Other wayside flowers in April include forget-me-not and its large leaved relative alkanet, both of which are usually found near to houses, and both of which can form large patches. It is the garden forget-me-not, a version of wood forget-me-not, that you are seeing here. There are also smaller-flowered wild species such as field forget-me-not and early forget-me-not, which may appear later in April but are more usually seen in May.

In the second half of April red campion can be seen, as well as bush vetch and, right at the end of the month, possibly common vetch. A much rarer member of this family is bitter vetchling which occasionally makes good displays on roadside banks in April. Now and then you also spot the yellow-flowered greater celandine - nothing to do with the lesser celandine mentioned above but in fact a relative of the poppy.

The curious erotic-looking flowers of cuckoo pint are found in shady places in the second half (its name has a sexual connotation, as does the alternative lords and ladies), though they seem nothing like as common as the leaves were earlier in the year. It is also quite hard to find the spikes open, revealing the spadix, the central cylinder to which the common names refer. Very occasionally in marshy spots you encounter the related skunk cabbage - an aptly-named American invader - which you smell well before you see it.

While we are on odd plants, spikes of horsetail appear in April, sometimes early in the month but sometimes not till the second half, their bulbous tips looking a bit like asparagus. These produce pollen (horsetail having evolved before there was such a thing as a flowering plant) and then later in the month produce green rings which will open up into the familiar fly-whisks in May. Also distinctly strange is the parasitic toothwort, a pale pink plant that grows on the roots of hazel. Meanwhile, spring beauty, a rarity found on sandy soils, has tiny white flowers in the middle of large round leaves.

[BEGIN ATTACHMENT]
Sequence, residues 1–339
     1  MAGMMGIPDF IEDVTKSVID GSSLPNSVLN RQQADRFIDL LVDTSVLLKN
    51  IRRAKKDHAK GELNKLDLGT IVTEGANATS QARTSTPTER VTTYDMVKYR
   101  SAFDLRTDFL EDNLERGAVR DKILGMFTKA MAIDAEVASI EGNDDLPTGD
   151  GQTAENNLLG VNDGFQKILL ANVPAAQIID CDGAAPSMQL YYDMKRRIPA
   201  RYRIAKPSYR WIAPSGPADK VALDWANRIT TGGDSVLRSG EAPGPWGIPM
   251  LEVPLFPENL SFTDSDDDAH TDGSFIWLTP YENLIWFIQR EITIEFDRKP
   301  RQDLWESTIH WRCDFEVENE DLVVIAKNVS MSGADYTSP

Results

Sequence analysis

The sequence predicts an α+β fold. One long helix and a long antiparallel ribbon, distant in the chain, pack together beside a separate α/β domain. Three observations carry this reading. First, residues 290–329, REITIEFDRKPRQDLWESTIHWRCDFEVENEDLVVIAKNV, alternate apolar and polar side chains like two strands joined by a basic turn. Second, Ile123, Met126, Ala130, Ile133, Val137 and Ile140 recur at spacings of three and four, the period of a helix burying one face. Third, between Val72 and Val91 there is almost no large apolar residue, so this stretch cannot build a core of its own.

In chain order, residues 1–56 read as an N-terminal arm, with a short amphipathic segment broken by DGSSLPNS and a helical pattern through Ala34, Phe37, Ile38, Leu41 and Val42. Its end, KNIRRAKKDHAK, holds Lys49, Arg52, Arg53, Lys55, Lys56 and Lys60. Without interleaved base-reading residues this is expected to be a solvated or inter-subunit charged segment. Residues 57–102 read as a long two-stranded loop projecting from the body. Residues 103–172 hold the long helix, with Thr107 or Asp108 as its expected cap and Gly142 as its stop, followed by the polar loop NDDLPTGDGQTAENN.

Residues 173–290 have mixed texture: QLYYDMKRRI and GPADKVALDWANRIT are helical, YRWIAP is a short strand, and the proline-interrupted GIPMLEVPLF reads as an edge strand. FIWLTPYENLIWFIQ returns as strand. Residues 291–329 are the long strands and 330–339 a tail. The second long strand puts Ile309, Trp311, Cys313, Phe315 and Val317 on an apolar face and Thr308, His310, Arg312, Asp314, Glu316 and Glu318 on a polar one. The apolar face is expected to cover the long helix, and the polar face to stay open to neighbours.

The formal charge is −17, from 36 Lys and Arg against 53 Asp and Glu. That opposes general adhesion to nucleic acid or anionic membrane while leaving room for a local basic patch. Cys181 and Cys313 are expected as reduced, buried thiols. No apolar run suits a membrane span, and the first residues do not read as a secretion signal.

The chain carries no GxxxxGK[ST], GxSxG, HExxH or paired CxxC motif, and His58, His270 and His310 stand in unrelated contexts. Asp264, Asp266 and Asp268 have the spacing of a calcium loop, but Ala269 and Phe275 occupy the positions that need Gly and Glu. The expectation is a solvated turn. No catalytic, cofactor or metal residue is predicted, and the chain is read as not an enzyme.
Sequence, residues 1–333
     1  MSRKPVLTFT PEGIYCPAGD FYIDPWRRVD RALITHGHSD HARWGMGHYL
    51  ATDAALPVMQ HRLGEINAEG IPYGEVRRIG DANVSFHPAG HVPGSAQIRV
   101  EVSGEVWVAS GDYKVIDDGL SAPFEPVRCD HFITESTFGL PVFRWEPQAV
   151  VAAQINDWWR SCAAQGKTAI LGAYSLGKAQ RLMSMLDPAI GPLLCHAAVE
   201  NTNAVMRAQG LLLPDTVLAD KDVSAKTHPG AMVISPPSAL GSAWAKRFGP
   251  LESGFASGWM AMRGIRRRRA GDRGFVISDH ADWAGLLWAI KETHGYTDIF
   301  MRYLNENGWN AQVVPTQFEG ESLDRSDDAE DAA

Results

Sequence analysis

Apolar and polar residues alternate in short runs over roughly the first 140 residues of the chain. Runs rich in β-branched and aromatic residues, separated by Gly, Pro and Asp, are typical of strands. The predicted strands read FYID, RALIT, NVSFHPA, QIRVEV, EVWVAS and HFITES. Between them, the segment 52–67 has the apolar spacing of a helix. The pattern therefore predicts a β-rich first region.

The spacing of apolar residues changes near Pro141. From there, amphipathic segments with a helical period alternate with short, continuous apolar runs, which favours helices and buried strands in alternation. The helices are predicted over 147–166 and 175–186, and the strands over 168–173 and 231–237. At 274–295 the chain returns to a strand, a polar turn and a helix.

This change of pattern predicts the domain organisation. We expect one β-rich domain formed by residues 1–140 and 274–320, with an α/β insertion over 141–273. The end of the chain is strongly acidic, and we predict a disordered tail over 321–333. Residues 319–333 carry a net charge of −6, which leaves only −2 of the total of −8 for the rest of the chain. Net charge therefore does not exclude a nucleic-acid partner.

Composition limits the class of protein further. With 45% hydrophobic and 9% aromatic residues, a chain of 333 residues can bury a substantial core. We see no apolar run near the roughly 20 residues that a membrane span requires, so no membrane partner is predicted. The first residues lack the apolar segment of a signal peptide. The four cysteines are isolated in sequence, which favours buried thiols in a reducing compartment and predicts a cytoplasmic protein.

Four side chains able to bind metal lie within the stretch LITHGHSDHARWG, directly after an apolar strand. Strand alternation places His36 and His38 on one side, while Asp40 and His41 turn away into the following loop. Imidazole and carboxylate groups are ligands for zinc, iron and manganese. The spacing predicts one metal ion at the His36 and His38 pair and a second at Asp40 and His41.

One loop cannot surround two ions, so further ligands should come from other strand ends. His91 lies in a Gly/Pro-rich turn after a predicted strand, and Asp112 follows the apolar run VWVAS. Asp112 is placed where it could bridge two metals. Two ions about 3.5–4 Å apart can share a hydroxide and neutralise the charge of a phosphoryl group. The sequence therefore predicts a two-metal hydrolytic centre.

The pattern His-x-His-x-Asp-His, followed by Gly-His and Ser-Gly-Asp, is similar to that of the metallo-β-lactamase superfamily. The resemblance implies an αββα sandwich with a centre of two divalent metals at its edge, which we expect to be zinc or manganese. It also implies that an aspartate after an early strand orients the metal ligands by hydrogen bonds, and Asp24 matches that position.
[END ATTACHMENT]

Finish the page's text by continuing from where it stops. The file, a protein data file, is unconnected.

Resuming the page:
Among the smaller (and less noticed) flowers is tiny white chickweed - found on verges, on odd bits of wasteground and also in grassy fields. It is also common in urban settings, as is bittercress. There are two species here - hairy bittercress which has been around since February or March and is generally gone by mid April, and the more luxuriant wavy bittercress, which appears this month and is at its best in the second half: it is technically found on damper verges, though often seems to be in dry places too. Other urban verge weeds include shepherd's purse and groundsel, both also found in arable fields, and sometimes thale cress. Very occasionally on bare path edges in the countryside you may find cornsalad (aka lamb's lettuce).

Towards the end of the month, sometimes as early as mid month, some cow parsley may come into flower, though it tends to remain straggly in appearance and does not achieve the creamy effect of full flowering until early May. (In 2014 isolated examples appeared as early as late March, though the mass flowering was not until the end of April.) At the same time you may see a bit of oxeye daisy by rail lines - for some reason it seems to come out a bit earlier here. Yellow wintercress can also appear on waste ground and you sometimes come across hedgerow cranesbill.

In addition, the practised eye can pick out the growing leaves of rosebay willowherb and others of that family, as well as the large leaves of hogweed and giant hogweed, the latter a possible irritant to the skin and looking a bit like rhubarb. Also rhubarb-like are the enormous leaves of burdock. Ground elder leaves continue to colonise verges in April and foxglove and mallow leaves can also be seen, along with those of French cranesbill. Greater plantain leaves increase in size on bare muddy paths and tracks, while silverweed foliage is very noticeable on short grass verges.

Thistle leaves grow - creeping thistle appearing fresh out of the ground and growing upwards, and the spear thistle rosettes that have been there over the winter becoming more bushy. Sow thistle plants (which look prickly but are in fact soft to the touch) are seen widely and by the end of the month some may be flowering.

Arable margins

As they do most of the year, the bare margins of arable fields have a good crop of smaller flowers in April. Red deadnettle, already mentioned above in verges, is one example. Others double as urban and wasteground weeds, including shepherd's purse, distinctive due to its heart-shaped seed cases, chickweed and groundsel, an unromantic weed that can go from seed to flower to seed again in as little as six weeks and which some botanists reckon is the commonest British flower.

You can also continue to see field speedwell in arable fields in April, and possibly some field pansy or, at the end of the month, pretty pink common fumitory. There are occasional examples of charlock, once a very common arable weed but squeezed out by modern farming methods. The same also goes for wintercress: probably early wintercress this month, but the main species is also possible. Very occasionally you also find corn spurrey on non-chalk soils. The leaves of mayweed are evident but not yet in flower: the same is true of cut-leaved cranesbill, which seems particularly fond of the margins of oilseed rape fields. In the same habitat look out for the white (or sometimes pale mauve or yellow) flowers of wild radish.